Old Posted Oct 2, 2006, 4:05 PM
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from jerseycityportal.com




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  #4  
Old Posted Oct 2, 2006, 4:07 PM
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Awesome. GO JC!
     
     
  #5  
Old Posted Oct 2, 2006, 4:22 PM
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Killer tower, but seriously why not just add that extra 7 feet needed to become the tallest in New Jersey?
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  #6  
Old Posted Oct 2, 2006, 4:23 PM
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I loveeeeeeeeeee the fact that Jersey City is developing such an admirable skyline. Good for Jersey.
     
     
  #7  
Old Posted Oct 2, 2006, 4:29 PM
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It's nice to see those towers rising there. But I really wish they would reconsider that whole "tower in a shopping plaza thing". That just stinks.

Quote:
Lehne also dispelled rumors regarding the closing of the Shop Rite supermarket, BJ'S Wholesale Club, and Bed, Bath & Beyond stores.

"The other stores have very long-term leases and they are doing great business, especially the Shop Rite," said Lehne. "And it is the wish of [Jersey City Mayor Jerramiah Healy] and the Redevelopment Agency, and I am sure the Planning Department, that the Shop Rite and its parking lot stays intact."

Jersey City attorney Francis Schiller, representing the developers, said the Metropolitan project would be the first phase of a larger development project that would span over 20 years, with retail always having a presence in the plaza. Schiller said there will be a meeting with the city's Planning Department to create a master plan specifically for the plaza.
Horrible idea.
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  #8  
Old Posted Oct 3, 2006, 3:12 AM
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that tower could look amazing if the top is spruced up a bit and maybe a nice spire is added
     
     
  #9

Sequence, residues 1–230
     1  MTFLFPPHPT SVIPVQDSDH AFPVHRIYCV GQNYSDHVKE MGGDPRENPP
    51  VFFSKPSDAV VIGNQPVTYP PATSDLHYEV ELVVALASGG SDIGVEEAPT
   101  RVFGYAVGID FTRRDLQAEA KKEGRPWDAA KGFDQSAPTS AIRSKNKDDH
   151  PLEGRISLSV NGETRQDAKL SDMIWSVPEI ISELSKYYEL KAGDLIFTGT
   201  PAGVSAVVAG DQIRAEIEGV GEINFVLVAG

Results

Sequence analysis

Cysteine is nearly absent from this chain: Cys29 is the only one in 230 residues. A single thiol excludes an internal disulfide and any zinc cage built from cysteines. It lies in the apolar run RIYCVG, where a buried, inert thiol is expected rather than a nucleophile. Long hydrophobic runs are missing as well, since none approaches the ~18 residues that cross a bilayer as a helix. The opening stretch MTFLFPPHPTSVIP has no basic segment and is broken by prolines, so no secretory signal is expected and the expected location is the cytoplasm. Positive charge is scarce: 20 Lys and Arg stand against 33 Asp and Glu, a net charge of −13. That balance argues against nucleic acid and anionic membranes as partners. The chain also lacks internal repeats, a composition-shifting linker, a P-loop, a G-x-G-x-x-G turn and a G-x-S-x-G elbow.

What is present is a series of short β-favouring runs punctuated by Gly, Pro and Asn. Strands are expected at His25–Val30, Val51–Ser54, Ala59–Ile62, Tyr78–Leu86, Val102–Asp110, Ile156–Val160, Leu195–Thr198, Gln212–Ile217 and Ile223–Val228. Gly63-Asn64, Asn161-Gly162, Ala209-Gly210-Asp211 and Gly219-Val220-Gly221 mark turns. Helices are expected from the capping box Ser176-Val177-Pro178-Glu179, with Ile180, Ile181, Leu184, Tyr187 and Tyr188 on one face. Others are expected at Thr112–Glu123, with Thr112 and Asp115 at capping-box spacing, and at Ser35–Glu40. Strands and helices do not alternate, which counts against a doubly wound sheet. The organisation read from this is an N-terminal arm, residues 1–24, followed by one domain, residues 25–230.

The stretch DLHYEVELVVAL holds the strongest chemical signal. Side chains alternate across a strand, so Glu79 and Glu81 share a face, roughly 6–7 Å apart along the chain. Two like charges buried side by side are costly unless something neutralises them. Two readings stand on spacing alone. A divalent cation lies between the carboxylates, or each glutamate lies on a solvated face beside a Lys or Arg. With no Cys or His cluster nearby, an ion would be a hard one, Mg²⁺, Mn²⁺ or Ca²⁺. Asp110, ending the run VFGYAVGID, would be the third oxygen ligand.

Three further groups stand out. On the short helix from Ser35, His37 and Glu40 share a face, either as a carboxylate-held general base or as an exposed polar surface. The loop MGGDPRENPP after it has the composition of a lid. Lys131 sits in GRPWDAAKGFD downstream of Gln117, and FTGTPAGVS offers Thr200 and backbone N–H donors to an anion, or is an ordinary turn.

Old Posted Oct 3, 2006, 3:59 AM
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Oh shit, wow, this news is really a pleasant surprise. It's a killer tower indeed, both in height and design. Great location too, that part of the skyline really needed some gaps fixed up. And the design is world class, very Lake Point Tower ish. Any city would be proud to have such a tower. Besides, it would greatly enhance the already amazing view of JC from Battery Park City and any other NY location where JC is visible. And with all the developments going on further inland, the skyline will get even bulkier and more three dimensional, not just a line along the coast. And all those other towers in the rendering... too much good info at a time, wow... And just when I thought JC building boom was pretty much over.
     
     
  #10  
Old Posted Oct 3, 2006, 4:50 AM
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It's nice.
I like the floor count. It's like the anti-GS.
     
     
  #11  
Old Posted Oct 3, 2006, 5:23 AM
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Go New Jersey!
     
     
  #12  
Old Posted Oct 3, 2006, 1:26 PM
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Way to go JC.
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  #13  
Old Posted Oct 3, 2006, 11:01 PM
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When I drive into the city on the turnpike, you can't help but notice the added density Jersey City provides.

New York is more than a group of islands, it is really remarkable to see New Jersey actually become the 6th borough.

I hate to say this, but Jersey City has a better skyline than Queens and rivals other cities; including, but not limited to Pittsburgh, Philadelphia, Chicago (nice skyline, but the density is outrageous in the NY region) and countless other fine cities.
     
     
  #14  
Old Posted Oct 4, 2006, 12:07 AM
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Quote:
Originally Posted by fish
When I drive into the city on the turnpike, you can't help but notice the added density Jersey City provides.

New York is more than a group of islands, it is really remarkable to see New Jersey actually become the 6th borough.